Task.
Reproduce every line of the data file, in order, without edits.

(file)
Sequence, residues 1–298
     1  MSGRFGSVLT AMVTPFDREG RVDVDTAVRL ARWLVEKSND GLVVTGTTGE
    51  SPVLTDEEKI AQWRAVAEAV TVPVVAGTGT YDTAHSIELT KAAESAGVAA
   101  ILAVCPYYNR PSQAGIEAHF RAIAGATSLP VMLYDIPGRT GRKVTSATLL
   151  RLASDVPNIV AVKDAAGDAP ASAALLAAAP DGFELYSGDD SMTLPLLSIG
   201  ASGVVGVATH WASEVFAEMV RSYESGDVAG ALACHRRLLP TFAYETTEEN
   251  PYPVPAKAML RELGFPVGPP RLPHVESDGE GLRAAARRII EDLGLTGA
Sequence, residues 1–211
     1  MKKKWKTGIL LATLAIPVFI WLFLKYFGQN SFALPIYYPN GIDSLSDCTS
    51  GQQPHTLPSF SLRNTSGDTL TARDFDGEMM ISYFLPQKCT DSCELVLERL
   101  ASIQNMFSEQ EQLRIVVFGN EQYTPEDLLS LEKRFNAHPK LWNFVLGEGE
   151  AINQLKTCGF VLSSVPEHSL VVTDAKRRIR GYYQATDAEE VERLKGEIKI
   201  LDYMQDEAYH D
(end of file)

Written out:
Sequence, residues 1–298
     1  MSGRFGSVLT AMVTPFDREG RVDVDTAVRL ARWLVEKSND GLVVTGTTGE
    51  SPVLTDEEKI AQWRAVAEAV TVPVVAGTGT YDTAHSIELT KAAESAGVAA
   101  ILAVCPYYNR PSQAGIEAHF RAIAGATSLP VMLYDIPGRT GRKVTSATLL
   151  RLASDVPNIV AVKDAAGDAP ASAALLAAAP DGFELYSGDD SMTLPLLSIG
   201  ASGVVGVATH WASEVFAEMV RSYESGDVAG ALACHRRLLP TFAYETTEEN
   251  PYPVPAKAML RELGFPVGPP RLPHVESDGE GLRAAARRII EDLGLTGA
Sequence, residues 1–211
     1  MKKKWKTGIL LATLAIPVFI WLFLKYFGQN SFALPIYYPN GIDSLSDCTS
    51  GQQPHTLPSF SLRNTSGDTL TARDFDGEMM ISYFLPQKCT DSCELVLERL
   101  ASIQNMFSEQ EQLRIVVFGN EQYTPEDLLS LEKRFNAHPK LWNFVLGEGE
   151  AINQLKTCGF VLSSVPEHSL VVTDAKRRIR GYYQATDAEE VERLKGEIKI
   201  LDYMQDEAYH D